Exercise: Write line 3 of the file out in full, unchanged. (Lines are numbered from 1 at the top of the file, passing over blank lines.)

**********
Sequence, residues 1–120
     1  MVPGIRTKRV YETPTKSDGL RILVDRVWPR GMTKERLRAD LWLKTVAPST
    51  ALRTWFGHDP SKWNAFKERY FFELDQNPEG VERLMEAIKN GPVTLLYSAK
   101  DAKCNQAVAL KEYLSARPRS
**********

    51  ALRTWFGHDP SKWNAFKERY FFELDQNPEG VERLMEAIKN GPVTLLYSAK